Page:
Though Joe’s parents always stressed the value of education, he didn’t work especially hard in school, and was more interested in competitive athletics. He began playing Little League Baseball at age eight, switched to lacrosse at thirteen, and also enjoyed soccer and pickup games of basketball or football. “My father taught me that you don’t get something for nothing,” Joe recalls. “He stressed to my sisters and me that we’d always face competition in our lives, so it was important to work hard at what we wanted to do. I really enjoyed competing through sports.”
Aside from school and sports, Joe enjoyed hanging out with friends and working for his father. “It was great to drive to work in the morning with him and do what he did,” Joe recounts. “It built a nice bond.” When father and son weren’t working, they enjoyed fishing together. In the summer, his grandfather and uncles would join them early in the morning to take a rowboat out and catch a bushel of crabs, which they’d later steam for family gatherings. “Early on, my grandfather spent a lot of time with me while my dad was working,” Joe says. “Family was the biggest thing in my life.”
Joe’s sixth grade English teacher, Mr. Wilson, took a great interest in him, which had a very positive effect on Joe’s development. “He taught me a lot of important lessons and was always pushing me to run for class president,” Joe says. Joe didn’t pursue a leadership position until ninth grade, when he served as captain of the lacrosse team. “I would lead by example, trying to run further and faster to show my work ethic,” he recounts. “I was small for my age, but I resolved that I was going to get a lot of playing time. I ignored the challenges and focused on my own thing, and I was always on the first string.”
Through lacrosse, Joe learned the importance of teamwork, and he still craves that feeling he used to get when his team would beat the odds and score a winning goal in the last few minutes of the game. “I loved when everyone on the team was working together and able to accomplish any goal,” he recounts. “I’ve always parlayed that feeling into the teams I’ve worked on through my business career. Everyone’s got a role to play. Everyone’s got to be in a certain spot on the field at a certain time. I learned so much from those days competing in lacrosse that I still carry with me.”
Upon graduating from high school, Joe enrolled at the University of Maryland College Park. His father urged him to major in accounting because “no one can take that away from you”—a solid piece of advice that Joe decided to embrace. He was discouraged, however, when he bombed the first exam of his Intermediate Accounting class. He ended the course with a D and thought he might not be cut out for the field after all, but when he got a B in Intermediate Accounting II, he decided it was something he could work his way through. With that, he decided to stick with it.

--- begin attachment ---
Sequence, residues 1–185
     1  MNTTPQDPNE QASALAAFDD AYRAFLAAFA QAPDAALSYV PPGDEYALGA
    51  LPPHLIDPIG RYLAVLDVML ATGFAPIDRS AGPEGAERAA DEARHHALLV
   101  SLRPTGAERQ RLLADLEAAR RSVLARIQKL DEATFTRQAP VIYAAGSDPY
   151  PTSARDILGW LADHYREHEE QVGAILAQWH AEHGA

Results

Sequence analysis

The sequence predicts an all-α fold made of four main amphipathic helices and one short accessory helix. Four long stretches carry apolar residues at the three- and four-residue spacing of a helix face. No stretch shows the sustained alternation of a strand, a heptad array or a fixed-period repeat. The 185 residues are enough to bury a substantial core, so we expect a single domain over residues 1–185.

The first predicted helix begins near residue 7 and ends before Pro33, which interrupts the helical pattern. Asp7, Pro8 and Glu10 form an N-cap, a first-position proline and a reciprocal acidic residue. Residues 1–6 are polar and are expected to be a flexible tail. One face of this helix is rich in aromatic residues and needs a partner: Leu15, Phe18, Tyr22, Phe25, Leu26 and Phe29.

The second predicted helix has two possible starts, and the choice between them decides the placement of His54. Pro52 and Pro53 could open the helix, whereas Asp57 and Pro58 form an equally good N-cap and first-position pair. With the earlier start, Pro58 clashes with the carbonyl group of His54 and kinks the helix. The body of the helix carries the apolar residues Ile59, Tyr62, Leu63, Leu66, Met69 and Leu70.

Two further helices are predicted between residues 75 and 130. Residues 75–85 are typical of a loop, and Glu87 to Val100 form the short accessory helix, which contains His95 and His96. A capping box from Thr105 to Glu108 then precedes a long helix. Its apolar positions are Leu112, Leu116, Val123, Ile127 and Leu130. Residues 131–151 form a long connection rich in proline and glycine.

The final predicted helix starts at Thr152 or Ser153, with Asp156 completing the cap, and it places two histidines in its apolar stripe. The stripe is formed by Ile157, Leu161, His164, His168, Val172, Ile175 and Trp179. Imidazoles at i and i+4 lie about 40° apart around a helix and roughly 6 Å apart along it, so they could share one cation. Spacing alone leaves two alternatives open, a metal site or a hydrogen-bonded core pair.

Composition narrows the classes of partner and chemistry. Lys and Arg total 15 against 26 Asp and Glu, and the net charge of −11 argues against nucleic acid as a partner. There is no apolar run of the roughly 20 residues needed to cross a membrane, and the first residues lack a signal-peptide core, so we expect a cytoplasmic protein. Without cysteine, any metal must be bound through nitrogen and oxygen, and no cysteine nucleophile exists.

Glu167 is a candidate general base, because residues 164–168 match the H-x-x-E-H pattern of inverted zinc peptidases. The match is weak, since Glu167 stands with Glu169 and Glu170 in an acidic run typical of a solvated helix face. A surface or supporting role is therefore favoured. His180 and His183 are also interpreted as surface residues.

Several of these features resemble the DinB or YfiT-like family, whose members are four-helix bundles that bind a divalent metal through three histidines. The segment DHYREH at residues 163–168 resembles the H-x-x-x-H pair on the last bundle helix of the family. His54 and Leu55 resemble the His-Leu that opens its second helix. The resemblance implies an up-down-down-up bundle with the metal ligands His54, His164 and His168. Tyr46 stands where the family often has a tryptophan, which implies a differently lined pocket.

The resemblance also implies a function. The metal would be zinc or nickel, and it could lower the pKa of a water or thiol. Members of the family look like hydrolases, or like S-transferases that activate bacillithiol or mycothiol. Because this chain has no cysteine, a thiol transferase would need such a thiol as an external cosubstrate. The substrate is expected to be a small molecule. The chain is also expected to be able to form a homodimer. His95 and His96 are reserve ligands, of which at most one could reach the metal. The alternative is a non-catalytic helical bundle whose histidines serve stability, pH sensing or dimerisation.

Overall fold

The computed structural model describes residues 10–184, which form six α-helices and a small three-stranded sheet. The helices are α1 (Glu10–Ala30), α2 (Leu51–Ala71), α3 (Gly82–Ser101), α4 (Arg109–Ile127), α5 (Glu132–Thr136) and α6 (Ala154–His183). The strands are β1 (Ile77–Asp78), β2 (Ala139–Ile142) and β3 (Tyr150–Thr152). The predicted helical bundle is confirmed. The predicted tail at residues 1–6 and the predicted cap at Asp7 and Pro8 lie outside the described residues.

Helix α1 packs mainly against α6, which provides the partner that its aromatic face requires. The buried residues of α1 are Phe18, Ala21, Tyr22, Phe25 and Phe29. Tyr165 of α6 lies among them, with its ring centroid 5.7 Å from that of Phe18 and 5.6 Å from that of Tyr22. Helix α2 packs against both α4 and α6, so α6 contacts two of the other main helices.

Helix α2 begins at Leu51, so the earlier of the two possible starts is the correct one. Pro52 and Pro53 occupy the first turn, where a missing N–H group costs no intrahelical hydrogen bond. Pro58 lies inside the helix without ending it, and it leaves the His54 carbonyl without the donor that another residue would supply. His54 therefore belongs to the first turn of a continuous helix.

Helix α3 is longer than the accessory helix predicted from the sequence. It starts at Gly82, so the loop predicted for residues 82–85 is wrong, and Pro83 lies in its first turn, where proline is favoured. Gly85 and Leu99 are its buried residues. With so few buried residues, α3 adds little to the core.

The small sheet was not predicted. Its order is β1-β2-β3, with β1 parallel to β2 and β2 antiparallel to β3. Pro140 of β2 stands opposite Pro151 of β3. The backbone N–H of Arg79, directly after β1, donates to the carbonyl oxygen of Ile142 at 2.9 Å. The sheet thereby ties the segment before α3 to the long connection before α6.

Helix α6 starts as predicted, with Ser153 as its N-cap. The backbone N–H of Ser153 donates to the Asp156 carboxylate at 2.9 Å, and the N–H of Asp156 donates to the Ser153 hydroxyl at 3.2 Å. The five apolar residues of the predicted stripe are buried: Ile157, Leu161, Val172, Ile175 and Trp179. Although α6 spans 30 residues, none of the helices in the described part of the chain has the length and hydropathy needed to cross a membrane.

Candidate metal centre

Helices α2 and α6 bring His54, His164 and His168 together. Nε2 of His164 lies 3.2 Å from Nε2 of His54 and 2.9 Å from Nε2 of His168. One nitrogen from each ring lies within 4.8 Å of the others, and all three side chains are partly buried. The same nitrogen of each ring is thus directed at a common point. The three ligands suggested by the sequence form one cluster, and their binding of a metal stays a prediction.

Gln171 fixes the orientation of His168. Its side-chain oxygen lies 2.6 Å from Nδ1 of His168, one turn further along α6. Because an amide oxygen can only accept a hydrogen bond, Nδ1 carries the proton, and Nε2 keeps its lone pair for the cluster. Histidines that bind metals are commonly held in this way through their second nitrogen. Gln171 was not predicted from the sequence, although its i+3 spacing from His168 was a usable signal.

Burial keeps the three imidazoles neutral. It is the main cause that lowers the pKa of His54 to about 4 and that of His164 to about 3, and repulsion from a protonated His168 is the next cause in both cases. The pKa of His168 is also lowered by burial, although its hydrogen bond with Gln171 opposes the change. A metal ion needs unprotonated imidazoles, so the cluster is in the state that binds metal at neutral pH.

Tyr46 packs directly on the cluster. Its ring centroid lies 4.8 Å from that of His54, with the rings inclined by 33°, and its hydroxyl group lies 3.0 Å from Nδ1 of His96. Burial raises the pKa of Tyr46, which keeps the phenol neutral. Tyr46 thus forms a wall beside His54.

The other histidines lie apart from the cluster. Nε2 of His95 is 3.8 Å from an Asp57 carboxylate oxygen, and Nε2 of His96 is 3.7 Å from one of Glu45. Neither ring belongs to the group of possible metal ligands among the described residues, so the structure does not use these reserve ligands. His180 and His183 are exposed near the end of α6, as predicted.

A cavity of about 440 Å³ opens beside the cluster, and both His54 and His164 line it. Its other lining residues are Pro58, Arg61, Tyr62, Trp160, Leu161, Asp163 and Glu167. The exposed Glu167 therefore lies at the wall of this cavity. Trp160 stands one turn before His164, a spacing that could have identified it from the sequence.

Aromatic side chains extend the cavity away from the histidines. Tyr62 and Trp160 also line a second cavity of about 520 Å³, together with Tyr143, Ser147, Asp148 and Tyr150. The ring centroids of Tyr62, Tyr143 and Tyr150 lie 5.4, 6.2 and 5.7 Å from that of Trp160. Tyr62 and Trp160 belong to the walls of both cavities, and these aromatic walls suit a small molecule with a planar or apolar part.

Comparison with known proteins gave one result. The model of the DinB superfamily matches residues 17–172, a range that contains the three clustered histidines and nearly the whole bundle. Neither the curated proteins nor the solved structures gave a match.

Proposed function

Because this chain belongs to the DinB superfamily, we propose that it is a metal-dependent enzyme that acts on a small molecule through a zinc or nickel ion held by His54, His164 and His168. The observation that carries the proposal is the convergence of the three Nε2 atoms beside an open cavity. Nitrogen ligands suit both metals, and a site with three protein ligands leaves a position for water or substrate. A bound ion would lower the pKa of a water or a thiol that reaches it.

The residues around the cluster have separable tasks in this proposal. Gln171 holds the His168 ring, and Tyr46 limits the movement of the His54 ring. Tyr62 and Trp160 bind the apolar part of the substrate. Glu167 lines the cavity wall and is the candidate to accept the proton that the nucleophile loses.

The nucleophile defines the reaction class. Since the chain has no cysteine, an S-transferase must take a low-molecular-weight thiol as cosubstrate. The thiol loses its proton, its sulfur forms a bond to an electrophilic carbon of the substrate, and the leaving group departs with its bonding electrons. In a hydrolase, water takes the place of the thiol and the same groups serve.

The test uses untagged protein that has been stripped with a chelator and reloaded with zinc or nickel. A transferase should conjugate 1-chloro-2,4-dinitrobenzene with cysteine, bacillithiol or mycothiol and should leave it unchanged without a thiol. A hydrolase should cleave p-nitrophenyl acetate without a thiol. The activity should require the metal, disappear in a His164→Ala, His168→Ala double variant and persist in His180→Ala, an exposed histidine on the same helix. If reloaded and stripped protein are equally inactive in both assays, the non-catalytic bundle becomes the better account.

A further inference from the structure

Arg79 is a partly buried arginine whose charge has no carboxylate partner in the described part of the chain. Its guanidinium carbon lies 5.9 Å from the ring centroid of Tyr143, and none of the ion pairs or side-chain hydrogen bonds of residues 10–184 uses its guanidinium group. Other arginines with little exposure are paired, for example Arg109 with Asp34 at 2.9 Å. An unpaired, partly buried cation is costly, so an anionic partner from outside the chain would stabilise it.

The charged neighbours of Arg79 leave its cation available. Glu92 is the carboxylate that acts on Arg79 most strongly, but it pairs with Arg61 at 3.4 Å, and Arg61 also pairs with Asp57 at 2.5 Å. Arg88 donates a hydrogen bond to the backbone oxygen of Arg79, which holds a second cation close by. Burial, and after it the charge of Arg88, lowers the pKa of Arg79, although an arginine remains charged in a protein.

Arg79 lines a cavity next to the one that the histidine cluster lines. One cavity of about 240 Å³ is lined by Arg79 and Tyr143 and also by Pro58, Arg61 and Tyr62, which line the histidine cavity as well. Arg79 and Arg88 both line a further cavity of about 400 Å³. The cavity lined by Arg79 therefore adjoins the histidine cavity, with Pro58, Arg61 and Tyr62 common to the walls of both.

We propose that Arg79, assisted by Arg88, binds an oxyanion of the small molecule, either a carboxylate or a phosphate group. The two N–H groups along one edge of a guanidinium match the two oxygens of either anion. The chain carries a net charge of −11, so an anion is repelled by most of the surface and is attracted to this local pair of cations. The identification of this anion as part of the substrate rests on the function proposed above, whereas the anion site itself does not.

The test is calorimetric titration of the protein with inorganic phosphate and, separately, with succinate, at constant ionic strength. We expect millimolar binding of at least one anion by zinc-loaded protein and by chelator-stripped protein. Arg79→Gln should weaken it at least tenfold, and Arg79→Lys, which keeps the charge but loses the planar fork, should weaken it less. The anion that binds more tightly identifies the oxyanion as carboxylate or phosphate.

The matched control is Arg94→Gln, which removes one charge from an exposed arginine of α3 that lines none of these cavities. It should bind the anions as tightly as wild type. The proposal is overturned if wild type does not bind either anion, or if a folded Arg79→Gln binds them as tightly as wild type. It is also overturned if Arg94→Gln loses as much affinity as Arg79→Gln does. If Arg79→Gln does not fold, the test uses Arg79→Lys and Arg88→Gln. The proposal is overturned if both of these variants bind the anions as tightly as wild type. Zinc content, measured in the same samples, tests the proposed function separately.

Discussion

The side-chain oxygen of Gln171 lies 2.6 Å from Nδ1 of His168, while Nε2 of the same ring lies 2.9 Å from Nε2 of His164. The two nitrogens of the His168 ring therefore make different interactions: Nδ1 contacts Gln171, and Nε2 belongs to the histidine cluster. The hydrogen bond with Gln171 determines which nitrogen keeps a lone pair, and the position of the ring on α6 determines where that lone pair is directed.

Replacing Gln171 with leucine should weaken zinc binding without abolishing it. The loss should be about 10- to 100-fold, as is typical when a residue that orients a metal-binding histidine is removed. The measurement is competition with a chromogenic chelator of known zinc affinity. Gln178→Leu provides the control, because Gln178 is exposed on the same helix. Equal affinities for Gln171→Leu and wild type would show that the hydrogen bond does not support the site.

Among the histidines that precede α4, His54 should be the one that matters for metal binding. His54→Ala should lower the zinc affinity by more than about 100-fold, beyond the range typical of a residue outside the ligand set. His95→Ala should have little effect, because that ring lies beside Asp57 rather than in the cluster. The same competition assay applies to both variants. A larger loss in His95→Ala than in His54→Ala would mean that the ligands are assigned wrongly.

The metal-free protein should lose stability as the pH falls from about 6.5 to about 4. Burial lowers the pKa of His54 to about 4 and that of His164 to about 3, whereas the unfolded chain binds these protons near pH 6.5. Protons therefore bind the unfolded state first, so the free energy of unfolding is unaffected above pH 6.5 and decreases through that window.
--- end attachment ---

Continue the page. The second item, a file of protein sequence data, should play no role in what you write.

Through college, Joe landed summer jobs at a real estate firm and a commercial appraisal business, building up a solid track record of professional experience that proved invaluable when he graduated in 1988. He interviewed at the Big 8 accounting firms and received a few offers, but especially hit it out of the park when he landed a tax position at Arthur Andersen. Only during the next recruiting season did he understand just how lucky he was to actually land the job at all. “Looking at the candidates vying for the next class of employees, I realized that my grades were not outstanding,” he says. “Thankfully, my professional experience got me in the door. That understanding gave me both gratitude for what I had accomplished, and motivation to accomplish more.”
Joe found his first several years at the firm highly engaging, especially lessons learned in the recession of 1989. But he had always viewed the field of tax as a foundation and not an endgame, and with time, he grew ready for his next challenge. Fortunately, at five years with the firm and after a particularly challenging tax season learning the ropes as a manager, he was given the opportunity to change careers when Andersen launched a corporate finance group. He went to work for the group, where he spent another five years growing the practice from three to twenty people.
After a phenomenal experience at Arthur Andersen, Joe took an investment banking VP position with Friedman, Billings & Ramsey in 1998. “The Russian ruble collapsed ten days after I started, and I remember walking around the block with my boss,” he says. “He was also new, and we both thought they might not keep us around for long. But our mentors stuck it out with us, allowing us to build the business and pioneer new products for the firm. So I pushed the group to expand beyond IPOs, into M&A and private placements. I was pretty proud that we were able to diversify, building a portfolio of products that allowed us to maximize our relevance as a brand.”
Joe was most proud, however, that through the recession spurred by the tech bubble, his was the only team in the firm that didn’t shed any jobs. Drawing on his leadership skills and on the recession playbook of his experience at Andersen, he was able to reassure the team and quickly pick up bankruptcy and restructuring work that allowed them to keep the lights on. “I knew intuitively that we were going to be okay, and I kept everyone motivated and focused on creating value,” he says. “One of the proudest moments of my career came when we got through that without firing anyone.”